To protect your family, friends, and the general community, you should self-isolate (stay at home) for 2 weeks if you have had close contact with a person suspected or confirmed with the condition, have returned from a country where the condition is not controlled or wide spread, or if you have symptoms similar to those of the common cold of flu. If you have been infected, symptoms usually appear within 5 days, but it can take longer.
What are the symptoms?
COVID-19 symptoms include a high temperature (fever), cough, or shortness of breath. Not all symptoms may present together and not all may present at the same time.
What’s the best way to protect me and my family?
Most countries have implemented severe travel restrictions. You may be refused entry or transit, or you may face a compulsory 14-day self-quarantine requirement upon arrival.
Before traveling, check with your airline or with sites such as the Australian’s Government’s Smartraveller site or the Singapore Government’s travel advisory site. The situation is changing rapidly and online resources other than Government sites may be out of date.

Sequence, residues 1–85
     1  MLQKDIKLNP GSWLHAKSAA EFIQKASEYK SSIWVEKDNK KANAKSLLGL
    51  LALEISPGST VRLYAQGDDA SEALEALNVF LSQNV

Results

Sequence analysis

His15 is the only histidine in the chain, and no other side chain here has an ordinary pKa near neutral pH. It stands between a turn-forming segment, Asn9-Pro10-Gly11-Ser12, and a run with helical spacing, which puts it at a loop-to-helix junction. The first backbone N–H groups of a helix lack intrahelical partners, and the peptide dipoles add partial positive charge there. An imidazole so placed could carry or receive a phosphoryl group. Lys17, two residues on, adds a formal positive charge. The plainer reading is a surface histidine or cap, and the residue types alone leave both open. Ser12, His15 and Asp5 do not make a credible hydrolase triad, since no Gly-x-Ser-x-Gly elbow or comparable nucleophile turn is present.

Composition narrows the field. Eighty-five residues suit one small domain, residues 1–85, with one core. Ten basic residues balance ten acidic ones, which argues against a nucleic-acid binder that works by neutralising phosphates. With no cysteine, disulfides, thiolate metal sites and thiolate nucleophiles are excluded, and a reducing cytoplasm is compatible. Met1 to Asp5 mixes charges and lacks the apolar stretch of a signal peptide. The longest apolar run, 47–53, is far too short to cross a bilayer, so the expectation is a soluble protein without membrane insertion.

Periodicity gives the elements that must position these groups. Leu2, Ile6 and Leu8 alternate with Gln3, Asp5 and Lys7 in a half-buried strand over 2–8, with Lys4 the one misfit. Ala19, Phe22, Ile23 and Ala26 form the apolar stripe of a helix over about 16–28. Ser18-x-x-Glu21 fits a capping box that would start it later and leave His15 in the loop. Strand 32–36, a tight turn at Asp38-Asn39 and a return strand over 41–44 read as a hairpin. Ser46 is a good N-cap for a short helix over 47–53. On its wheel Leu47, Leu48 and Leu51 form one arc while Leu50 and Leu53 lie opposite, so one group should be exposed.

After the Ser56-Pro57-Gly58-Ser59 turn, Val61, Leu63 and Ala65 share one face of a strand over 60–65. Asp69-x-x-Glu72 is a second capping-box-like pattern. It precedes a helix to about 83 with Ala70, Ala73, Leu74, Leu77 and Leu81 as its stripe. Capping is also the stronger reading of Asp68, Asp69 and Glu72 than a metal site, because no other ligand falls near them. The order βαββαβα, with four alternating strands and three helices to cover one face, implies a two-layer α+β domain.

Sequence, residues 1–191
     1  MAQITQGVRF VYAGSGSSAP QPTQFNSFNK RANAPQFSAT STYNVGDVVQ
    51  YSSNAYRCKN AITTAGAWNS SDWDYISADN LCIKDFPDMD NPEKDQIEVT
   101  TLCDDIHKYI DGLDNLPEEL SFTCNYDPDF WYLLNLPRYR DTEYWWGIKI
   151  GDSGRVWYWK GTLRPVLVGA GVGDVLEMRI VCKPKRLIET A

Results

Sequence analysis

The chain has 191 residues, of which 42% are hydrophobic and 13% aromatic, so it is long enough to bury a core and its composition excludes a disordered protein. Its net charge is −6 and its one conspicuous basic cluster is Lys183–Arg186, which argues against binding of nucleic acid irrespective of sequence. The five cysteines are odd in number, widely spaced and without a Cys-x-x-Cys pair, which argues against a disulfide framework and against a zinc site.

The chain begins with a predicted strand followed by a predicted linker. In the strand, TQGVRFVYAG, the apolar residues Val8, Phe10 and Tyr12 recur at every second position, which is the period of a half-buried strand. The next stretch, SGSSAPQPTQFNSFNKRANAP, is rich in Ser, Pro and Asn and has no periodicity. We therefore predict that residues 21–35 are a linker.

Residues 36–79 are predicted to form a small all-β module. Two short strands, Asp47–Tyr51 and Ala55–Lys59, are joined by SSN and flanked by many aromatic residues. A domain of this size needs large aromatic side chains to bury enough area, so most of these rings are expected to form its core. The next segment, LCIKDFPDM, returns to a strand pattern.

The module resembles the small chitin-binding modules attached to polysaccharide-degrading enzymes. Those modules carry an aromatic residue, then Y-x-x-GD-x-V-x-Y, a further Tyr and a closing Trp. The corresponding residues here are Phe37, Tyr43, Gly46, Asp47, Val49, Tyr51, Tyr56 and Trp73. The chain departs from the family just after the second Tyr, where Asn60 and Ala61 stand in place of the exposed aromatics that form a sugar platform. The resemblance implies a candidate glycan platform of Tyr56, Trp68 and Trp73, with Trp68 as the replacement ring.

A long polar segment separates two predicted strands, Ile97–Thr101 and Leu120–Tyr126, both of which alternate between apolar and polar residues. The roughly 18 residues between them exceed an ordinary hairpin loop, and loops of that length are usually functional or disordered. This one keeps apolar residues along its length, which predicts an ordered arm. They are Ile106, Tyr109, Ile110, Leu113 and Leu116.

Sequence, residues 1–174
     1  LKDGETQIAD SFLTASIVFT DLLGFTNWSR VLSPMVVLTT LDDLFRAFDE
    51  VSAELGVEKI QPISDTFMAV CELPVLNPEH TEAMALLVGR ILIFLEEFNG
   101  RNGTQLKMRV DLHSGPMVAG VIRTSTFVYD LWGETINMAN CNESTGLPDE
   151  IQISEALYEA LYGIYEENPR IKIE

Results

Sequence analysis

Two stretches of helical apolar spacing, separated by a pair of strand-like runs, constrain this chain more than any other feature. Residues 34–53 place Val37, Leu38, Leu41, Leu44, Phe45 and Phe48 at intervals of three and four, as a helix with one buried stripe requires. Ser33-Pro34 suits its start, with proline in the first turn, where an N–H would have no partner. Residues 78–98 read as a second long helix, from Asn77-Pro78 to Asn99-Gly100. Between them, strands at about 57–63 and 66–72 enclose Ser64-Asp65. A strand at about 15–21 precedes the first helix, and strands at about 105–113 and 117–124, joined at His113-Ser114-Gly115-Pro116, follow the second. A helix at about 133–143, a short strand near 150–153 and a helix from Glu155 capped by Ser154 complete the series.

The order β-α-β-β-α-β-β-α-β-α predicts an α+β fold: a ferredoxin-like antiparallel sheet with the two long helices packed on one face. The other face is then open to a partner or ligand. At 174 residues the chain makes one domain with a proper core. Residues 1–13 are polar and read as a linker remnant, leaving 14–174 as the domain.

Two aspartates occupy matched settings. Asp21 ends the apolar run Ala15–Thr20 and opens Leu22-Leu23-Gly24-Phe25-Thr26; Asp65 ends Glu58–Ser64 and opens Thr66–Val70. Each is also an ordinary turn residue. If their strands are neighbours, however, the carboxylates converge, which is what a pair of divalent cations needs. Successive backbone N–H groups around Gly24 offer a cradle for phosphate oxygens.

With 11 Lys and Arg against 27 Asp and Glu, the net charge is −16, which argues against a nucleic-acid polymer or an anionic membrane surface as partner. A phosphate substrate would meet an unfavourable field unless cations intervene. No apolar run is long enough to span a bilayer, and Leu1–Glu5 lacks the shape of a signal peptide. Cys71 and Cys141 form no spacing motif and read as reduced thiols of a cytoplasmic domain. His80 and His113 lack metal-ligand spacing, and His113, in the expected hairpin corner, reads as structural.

Misinformation & Social Media
There are many false stories about COVID-19 circulating on social media. For current and correct information, look for respected news sites, medical sites or Government sites. We can recommend the following:
|https://www.channelnewsasia.com/||Singapore’s leading news channel|
|https://www.abc.net.au/news/||Australia’s National News Broadcaster|
|https://www.euronews.com/||Euro News (available in several languages)|
|https://edition.cnn.com/specials/asia/coronavirus-outbreak-intl-hnk||CNN News site|
|Recommended Health Information Sites & Services|
|https://www.who.int/emergencies/diseases/novel-coronavirus-2019||World Health Organization|
|How Singapore sends daily Whatsapp updates on coronavirus||Sign-up link at the end of the article|
|https://www.health.gov.au/||Australia Government’s Department of Health|
|https://www.cdc.gov/||USA Government health security website.|
|CDC risk assessment of COVID-19 by country|
|https://www.healthline.com/health/coronavirus-covid-19||A reliable site for medical Information|